Going Backwards Through Musical Time

United StatesUnited States Saint-Saëns, Chopin, Liszt, Schubert, and Mozart: Joel Fan (piano), Northwest Sinfonietta, Christophe Chagnard (conductor), Illsley Ball Nordstrom Recital Hall, Benaroya Hall, Seattle 11.10.2013 (BJ)

Saint-Saëns: Caprice-Valse, Op. 76, Wedding Cake
Chopin: Polonaise-Fantaisie, Op. 61; Krakowiak, Grand Concert Rondo, Op. 14
Liszt: Mephisto Waltz
Schubert: Overture in D major, D. 590, In the Italian Style
Mozart: Symphony No. 38 in D major, K. 504, “Prague”

 Programs that go chronologically backwards tend to be particularly entertaining, and this one was no exception. The first half, starting in 1885 with Saint-Saëns’s charming piece, was given over to works featuring the piano; it had something of the character of a 19th-century “miscellaneous concert,” because alternating with the two works for piano and orchestra came two solo pieces, the Chopin Polonaise-Fantaisie and the Liszt Mephisto Waltz.

In all of these, the piano part was dispatched with formidable virtuosity by a pianist I haven’t encountered before, the 43-year-old Joel Fan, who was born in the USA to parents from Taiwan. He was well supported in the Caprice-Valse and the Krakowiak by Christophe Chagnard and his Northwest Sinfonietta. His unassuming demeanor notwithstanding, Fan is clearly a pianist—and musician—to reckon with, and I look forward to hearing more of him.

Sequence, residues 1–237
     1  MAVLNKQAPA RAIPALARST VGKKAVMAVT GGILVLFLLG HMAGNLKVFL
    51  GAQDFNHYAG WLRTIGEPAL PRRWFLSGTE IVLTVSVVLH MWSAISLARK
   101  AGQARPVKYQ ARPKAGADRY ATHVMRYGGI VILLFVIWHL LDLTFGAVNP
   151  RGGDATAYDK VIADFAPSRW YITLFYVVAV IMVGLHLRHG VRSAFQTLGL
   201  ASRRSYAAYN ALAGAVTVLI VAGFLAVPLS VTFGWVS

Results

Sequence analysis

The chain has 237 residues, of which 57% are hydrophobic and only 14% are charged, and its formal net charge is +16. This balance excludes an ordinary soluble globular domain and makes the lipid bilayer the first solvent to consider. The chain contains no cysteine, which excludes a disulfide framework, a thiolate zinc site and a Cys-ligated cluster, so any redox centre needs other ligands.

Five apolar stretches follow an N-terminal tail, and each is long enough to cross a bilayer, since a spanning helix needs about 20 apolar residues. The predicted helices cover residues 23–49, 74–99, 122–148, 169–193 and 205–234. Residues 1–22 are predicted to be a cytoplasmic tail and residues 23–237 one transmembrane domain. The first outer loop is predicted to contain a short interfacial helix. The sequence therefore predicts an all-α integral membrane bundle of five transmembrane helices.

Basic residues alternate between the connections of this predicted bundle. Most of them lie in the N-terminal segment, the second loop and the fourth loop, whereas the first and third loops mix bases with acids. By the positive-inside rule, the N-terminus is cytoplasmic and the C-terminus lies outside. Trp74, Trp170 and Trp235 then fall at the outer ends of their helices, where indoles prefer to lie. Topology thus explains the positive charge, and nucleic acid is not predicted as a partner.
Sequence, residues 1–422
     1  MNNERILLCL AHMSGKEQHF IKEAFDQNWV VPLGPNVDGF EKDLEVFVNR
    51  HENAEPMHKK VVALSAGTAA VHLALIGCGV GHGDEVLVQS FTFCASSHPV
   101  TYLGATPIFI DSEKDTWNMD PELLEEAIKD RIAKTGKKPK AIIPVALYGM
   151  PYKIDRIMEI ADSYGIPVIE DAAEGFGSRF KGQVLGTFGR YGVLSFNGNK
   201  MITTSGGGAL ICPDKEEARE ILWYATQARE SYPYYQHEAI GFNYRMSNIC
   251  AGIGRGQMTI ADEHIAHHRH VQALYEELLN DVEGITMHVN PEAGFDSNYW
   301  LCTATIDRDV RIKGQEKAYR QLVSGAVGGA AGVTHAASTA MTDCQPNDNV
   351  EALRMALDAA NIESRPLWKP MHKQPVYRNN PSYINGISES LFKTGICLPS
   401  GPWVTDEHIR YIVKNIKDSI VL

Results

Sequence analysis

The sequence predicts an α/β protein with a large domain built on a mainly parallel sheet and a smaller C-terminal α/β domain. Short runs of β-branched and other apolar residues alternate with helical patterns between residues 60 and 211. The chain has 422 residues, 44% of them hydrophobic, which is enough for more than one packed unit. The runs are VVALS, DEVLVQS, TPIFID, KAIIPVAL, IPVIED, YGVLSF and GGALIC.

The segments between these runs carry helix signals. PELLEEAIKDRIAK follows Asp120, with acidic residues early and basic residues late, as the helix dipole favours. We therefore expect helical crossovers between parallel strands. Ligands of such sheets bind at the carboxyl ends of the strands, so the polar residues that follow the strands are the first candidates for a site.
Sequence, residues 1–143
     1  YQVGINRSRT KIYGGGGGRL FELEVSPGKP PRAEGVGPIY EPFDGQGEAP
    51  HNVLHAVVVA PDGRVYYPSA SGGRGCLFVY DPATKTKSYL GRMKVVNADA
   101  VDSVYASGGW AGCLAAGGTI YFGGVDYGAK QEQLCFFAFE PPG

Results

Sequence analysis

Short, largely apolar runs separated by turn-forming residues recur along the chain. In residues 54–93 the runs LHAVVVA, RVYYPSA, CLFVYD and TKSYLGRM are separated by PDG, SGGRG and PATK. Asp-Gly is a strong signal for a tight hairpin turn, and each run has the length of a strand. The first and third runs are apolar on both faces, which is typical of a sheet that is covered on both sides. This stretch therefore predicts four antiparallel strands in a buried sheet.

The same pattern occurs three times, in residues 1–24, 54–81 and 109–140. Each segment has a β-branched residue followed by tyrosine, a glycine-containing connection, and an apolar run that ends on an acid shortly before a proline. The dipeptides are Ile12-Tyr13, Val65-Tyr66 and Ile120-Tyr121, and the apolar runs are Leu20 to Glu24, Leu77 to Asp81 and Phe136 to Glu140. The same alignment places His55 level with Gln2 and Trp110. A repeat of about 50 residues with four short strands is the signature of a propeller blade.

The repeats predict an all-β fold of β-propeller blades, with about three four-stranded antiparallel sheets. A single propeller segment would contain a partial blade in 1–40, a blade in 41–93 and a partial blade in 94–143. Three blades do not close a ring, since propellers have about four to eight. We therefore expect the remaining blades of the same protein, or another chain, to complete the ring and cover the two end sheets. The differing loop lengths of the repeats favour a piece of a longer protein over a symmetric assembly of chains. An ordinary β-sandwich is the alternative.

After intermission, orchestra and conductor were on their own, and moved from predominantly romantic pieces (unless we count Saint-Saëns as a neo-classicist), by way of Schubert (who I suppose spans classicism and romanticism), to the straightforward and yet so expressively powerful music of Mozart. Schubert’s cheeky Rossini take-off was played with much artistry and vigor.

In conclusion, we were treated, for once, to a genuinely complete performance of Mozart’s great “Prague” Symphony. Chagnard, who was very much in the vein throughout this concert, showed excellent judgement in observing all the repeats the composer asked for in the three-movement work, including the crucial one of the Andante’s exposition, without which the beginning of the development section, robbed of dramatic surprise, degenerates into mere triviality. The orchestra, too, was in tremendous form, with crisp string playing, fine contributions from woodwinds and brass, and some exhilarating thumps from timpanist Matt Drumm: his lusty swings between tonic and dominant in the finale carried irresistible conviction.

Bernard Jacobson